On 29 March 2019, the Home Office released its guidance on applications for UK Tier 1 (investor) Visas. The guidance follows the Home Office statement of changes setting out its planned amendments to UK immigration Rules. The statement, released on the 7 March, contained the changes to the Tier 1 (investor) Visa.
The best London immigration solicitors awaited the statement of changes and guidance with interest, as back in December 2018 the Home Office announced the scrapping of the Investor Visa. Within a matter of days, the Home Office had backtracked and said the Tier 1 (investor) Visa route would remain open but changes to the visa category were planned. These were announced in the March 2019: Home Office statement of changes, together with announcements about the new Start-up visa and innovator visa. The new guidance has finally been rolled out.
The changes to the Investor Visa came into effect on 29 March 2019. The top London immigration solicitors advise that the main changes to the Tier 1 (investor) Visa are mainly aimed at ensuring that the investor funds are “clean”, and more emphasis is placed on the value of the benefit of the investment into the UK economy.
The changes to the Tier 1 (investor) Visa
The best London immigration solicitors advise that the major changes to the Investor Visa include:
• A requirement that the source of the investment funds has to be disclosed where the funds have been held for less than two years prior to the date of the visa application (an increase from the previous 90 days rule), ¬or the applicant has to be able to demonstrate that the investment funds have been held by him or her for two years or more; and
• A requirement that the UK bank confirms they have carried out due diligence checks and “Know Your Customer” enquiries prior to the applicant being authorised to open a UK bank account; and
• The removal of UK government bonds as an investment option under the Investor Visa; and
• Increasing the investment options to add pooled investments. These pooled investments receive funding from a UK or devolved government department or its agencies; and
• Tightening the definition of “active and trading” UK companies for the purposes of the investment. Evidence will be required that a company into which the applicant wants to invest the £2 million has a substantial presence in the UK. The best London immigration solicitors advise this includes the company having to be registered with Companies House and HMRC for tax purposes. Furthermore, the company must have at least two UK-based employees who are not appointed as company directors; and
• The “price of the investment” is defined as the price actually paid for investments rather than their face value. This is to avoid an applicant not actually investing the £2 million in the UK.
What are the basics of the Tier 1 (investor) visa?
The best London immigration solicitors advise that the primary criteria for an application for an Investor Visa is the ability to invest at least £2 million in qualifying UK investments, for example, share capital or loan capital in active and trading UK companies.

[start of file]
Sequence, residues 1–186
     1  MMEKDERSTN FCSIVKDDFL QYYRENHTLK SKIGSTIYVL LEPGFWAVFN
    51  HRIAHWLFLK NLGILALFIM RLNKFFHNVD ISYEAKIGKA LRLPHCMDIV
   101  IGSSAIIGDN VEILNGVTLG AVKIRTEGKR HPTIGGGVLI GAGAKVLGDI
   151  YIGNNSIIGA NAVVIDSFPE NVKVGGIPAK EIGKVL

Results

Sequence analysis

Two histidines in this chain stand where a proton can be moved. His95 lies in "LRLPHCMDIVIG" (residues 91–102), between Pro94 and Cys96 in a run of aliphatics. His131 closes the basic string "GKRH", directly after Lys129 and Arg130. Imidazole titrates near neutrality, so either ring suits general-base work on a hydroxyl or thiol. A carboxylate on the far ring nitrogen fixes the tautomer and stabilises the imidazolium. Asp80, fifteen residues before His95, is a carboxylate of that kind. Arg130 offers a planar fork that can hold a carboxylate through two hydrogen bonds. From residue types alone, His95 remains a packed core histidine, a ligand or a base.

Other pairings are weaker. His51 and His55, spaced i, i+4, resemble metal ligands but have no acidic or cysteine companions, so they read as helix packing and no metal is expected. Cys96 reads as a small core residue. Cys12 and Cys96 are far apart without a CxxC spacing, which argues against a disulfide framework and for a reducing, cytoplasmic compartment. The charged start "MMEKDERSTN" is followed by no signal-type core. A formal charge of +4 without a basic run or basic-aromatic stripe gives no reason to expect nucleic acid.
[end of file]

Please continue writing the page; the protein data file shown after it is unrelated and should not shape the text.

The Investor Visa was soundly criticised in the media, with it being said that for a price or an investment of £2 million, an individual could settle in the UK by applying for Indefinite Leave to Remain in the UK after five years. However, some said money pays, as with an investment of at least £5 million, the period before being able to apply for settlement reduces to three years. With an investment of at least £10 million, the period before being able to apply for settlement reduces to two years. The Home Office changes to the immigration Rules in relation to Investor Visas do not address the criticism that the Investor Visa is a means of buying entry and settlement. Furthermore, investors have waited for months for clarification of the changes to the Investor Visa.
The top London immigration solicitors advise that there are transitional arrangements for investors who applied for the Investor Visa before the 29 March 2019. The Home Office intention is that those investors are not adversely affected by the new immigration Rules.
The transitional rules say the current Investor Visa rules continue to apply to existing investors until the 5 April 2023 for extension applications and the 5 April 2025 for settlement applications.
What will the Tier 1 (investor) Visa changes mean to investors?
The best London immigration solicitors consider that the Home Office changes to the Tier 1 (investor) Visa will make the visa application process more complicated. In December 2018, when the Home Office announced that it would be changing the rules on the application process to apply for an Investor Visa, it planned to introduce an audit of an applicant's financial and business interests. The March 2019 statement of changes and new immigration Rules do not impose the heavy burden of an audit process on applicants, but the changes do add to the paperwork and documents needed to successfully apply for a Tier 1 (investor) Visa.
In addition, the removal of the opportunity to invest the £2 million investor funds in UK government bonds as an eligible investment may make the Tier 1 (investor) Visa less attractive to investors. That is because the use of government bonds was the most commonly used investment under pre March 2019 visa rules.